If I had the time, which I don’t, I’d go back to all of my previous posts and count how many times I used the word “principle”. As in, I am a person of principles and so here is an example of an excellent parenting choice I’ve made based on those principles. I’d guess the number is somewhere in the vicinity of a crapload.
I have to hand it to myself, I got at least a solid A- in principled parenting for a good while. I watched what my daughters ate, steering them away from refined sugar and processed foods. Not wanting them to always expect flashing lights and robot voices, I controlled what toys they played with in our home. And I pledged, I vowed, that even if she had to spend years two through five in time-out, my kid would learn how to act without having to be spanked.
But then a day arrived (today, actually), when I found myself… BUYING OREOS. And bringing them into my home. And letting my children eat them. Earlier this week, I bought Pop Tarts. I don’t know what’s come over me. It’s like I suddenly don’t care AT ALL about my children’s welfare. Apparently I’m not the kind of parent I thought I was; the proof is in the pudding … in my refrigerator. (Just kidding- things haven’t devolved THAT much.)
What kind of parent am I? Apparently I’m the kind of parent that does, in fact, threaten to spank her child. And, occasionally, does. However, this does not occur very often, because I don’t believe in spanking out of anger. And, apparently, I’m the kind of parent who lets her kids’ bratty behavior get to her. So yeah, only a little spanking. Principled discipline with a side of spanking.
I am also, apparently, the kind of parent who does sneaky things to avoid being interrogated by her children. Like buying ice cream and forgetting to mention it to the kids, or burying their pre-school worksheets in the bottom of the recycling bin. Unfortunately, my children seem to have superhuman powers of observation. This morning, when my five-year-old opened the freezer to get out a waffle, she shouted, “Hey! When did we get ice cream in this house! Can we have it for dessert?” And today- this was stupid of me, I admit – this same child came with me to the recycling center to empty our bins. Upon finding her The First Thanksgiving booklet in a heap amongst Target receipts and toilet paper rolls, she looked up at me accusingly. “Why are you throwing this away?” It is now back on my dining room table, and will apparently be in my house for some time to come.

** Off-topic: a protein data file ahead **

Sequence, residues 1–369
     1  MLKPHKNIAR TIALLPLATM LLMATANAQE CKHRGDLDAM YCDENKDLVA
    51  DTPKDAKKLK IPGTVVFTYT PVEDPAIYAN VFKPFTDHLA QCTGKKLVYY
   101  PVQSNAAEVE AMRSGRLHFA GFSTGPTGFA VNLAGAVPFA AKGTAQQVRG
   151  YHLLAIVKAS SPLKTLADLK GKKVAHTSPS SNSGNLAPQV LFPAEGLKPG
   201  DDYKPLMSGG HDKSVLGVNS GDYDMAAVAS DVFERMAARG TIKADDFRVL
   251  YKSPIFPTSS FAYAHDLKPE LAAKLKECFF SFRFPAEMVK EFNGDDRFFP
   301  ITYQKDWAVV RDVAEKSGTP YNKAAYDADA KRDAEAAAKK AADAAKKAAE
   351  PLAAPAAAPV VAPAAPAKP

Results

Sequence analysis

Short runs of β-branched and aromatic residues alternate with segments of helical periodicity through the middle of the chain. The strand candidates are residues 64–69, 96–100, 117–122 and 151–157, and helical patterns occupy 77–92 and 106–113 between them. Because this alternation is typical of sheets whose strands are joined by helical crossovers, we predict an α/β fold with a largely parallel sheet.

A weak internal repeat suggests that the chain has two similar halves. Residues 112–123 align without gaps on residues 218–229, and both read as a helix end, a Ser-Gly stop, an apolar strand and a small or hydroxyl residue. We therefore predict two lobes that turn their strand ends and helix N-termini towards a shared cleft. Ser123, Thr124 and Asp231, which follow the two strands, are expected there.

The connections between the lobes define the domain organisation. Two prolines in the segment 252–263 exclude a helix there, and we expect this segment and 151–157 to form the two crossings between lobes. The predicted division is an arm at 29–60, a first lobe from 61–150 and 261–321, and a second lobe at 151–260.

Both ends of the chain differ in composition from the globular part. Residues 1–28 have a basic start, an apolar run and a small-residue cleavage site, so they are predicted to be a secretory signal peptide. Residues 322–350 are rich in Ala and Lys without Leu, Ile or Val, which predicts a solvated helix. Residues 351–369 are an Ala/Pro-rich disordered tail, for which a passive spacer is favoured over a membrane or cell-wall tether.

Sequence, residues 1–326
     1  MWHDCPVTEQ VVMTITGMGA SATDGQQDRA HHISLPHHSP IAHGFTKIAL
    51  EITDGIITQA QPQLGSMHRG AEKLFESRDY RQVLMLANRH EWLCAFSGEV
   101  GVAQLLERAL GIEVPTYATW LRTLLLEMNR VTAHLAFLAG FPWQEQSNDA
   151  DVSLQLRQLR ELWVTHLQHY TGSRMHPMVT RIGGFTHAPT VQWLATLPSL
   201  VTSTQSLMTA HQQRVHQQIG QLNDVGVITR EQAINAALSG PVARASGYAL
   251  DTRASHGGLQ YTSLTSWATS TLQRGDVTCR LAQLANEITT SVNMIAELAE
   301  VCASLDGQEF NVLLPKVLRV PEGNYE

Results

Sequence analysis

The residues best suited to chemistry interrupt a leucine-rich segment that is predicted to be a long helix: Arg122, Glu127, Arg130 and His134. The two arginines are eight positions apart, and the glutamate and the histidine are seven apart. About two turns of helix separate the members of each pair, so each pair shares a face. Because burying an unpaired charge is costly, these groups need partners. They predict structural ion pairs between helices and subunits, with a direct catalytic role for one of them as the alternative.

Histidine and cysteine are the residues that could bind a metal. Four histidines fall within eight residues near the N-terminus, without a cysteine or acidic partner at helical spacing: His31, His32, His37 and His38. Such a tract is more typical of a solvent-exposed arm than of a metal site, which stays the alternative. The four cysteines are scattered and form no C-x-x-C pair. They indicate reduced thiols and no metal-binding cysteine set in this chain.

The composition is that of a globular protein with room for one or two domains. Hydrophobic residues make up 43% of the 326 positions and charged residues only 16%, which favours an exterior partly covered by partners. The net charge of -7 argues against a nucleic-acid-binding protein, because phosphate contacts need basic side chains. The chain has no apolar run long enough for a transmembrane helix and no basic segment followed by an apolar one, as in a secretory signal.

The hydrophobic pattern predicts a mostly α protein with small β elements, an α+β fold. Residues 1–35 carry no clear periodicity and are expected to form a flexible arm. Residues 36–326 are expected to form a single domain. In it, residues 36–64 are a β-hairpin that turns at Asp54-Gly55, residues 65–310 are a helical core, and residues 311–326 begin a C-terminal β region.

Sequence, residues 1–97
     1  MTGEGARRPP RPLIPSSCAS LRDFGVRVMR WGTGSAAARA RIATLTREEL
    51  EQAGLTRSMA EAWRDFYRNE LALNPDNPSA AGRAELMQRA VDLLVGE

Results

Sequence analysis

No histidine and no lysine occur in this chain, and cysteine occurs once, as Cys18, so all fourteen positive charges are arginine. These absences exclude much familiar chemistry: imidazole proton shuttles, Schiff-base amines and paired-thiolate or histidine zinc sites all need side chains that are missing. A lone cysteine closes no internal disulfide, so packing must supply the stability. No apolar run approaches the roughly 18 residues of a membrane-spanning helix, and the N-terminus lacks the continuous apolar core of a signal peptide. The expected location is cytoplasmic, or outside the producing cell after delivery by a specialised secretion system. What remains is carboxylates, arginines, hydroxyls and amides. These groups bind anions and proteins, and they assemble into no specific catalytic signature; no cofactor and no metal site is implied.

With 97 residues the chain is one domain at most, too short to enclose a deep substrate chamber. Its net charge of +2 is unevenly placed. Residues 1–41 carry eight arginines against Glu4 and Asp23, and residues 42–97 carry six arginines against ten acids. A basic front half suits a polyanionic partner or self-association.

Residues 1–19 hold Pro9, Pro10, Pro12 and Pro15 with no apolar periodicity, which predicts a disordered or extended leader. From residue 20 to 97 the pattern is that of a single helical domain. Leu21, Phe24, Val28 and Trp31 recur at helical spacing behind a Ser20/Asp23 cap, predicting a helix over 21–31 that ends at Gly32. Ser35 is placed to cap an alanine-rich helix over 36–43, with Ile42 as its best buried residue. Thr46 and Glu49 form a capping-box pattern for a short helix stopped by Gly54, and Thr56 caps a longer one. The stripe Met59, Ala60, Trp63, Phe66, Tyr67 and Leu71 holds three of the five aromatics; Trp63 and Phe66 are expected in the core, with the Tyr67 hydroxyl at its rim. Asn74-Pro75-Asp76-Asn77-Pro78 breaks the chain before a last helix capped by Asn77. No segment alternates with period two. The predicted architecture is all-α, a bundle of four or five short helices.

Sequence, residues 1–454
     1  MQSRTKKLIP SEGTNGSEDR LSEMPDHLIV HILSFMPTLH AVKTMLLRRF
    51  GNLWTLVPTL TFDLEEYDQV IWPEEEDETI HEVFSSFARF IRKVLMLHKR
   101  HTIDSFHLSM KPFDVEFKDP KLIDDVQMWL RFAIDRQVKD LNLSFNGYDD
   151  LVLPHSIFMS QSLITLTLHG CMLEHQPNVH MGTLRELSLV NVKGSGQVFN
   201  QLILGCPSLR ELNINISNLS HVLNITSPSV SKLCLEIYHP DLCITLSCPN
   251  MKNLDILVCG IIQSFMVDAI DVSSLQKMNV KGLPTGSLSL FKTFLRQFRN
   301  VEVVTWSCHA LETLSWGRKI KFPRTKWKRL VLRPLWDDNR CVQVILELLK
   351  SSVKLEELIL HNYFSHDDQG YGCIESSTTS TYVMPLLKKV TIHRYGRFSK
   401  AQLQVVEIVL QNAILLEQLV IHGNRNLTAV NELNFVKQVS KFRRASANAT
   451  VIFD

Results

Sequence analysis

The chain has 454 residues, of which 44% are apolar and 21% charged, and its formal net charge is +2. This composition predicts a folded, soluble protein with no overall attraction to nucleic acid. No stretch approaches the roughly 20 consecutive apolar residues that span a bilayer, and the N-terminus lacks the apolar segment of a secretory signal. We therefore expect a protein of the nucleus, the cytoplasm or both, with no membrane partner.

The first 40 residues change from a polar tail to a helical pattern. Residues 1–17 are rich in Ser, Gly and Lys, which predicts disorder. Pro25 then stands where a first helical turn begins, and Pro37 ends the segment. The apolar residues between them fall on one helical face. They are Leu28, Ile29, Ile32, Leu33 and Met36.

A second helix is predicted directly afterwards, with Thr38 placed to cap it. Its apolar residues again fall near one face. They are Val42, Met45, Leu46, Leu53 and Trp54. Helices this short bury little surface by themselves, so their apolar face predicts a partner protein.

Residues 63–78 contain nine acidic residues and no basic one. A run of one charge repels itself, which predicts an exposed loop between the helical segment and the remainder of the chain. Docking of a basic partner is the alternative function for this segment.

At some point I apparently became the kind of parent who adheres to the philosophy of, If you are playing quietly, I am not even going to check to see what you could possibly be doing that would result in such desirable behavior. If said behavior allows me thirty minutes to fold laundry, shower, or blog in peace, then you go right ahead and empty the contents of your dressers into a pile on your bed and then pretend that they are a swimming pool. Then go do something else destructive, quietly, so I can put the contents of your dressers back in.
When I first embarked on this journey I envisioned myself being the FDR of motherhood: solving problems creatively, leading my household with confidence, taking the necessary steps even when circumstances seem impossible, and earning the devoted love of my constituents. Turns out I’m more like Herbert Hoover, and people are going to start referring to their messy houses, full of grimy children, as “Prayvilles”.
So this, apparently, is the kind of parent I am. I’m a parent who bends, a parent who changes. I’m a parent who recognizes, now, the difference between idealism and reality. I’m a parent who keeps a sense of humor about the poop-show my life has become. (Did you like how I creatively avoided cussing there? Maybe I do have a tiny bit of FDR in me.) I’m the parent I have to be in this particular place and time of my life. And, apparently, that’s good enough.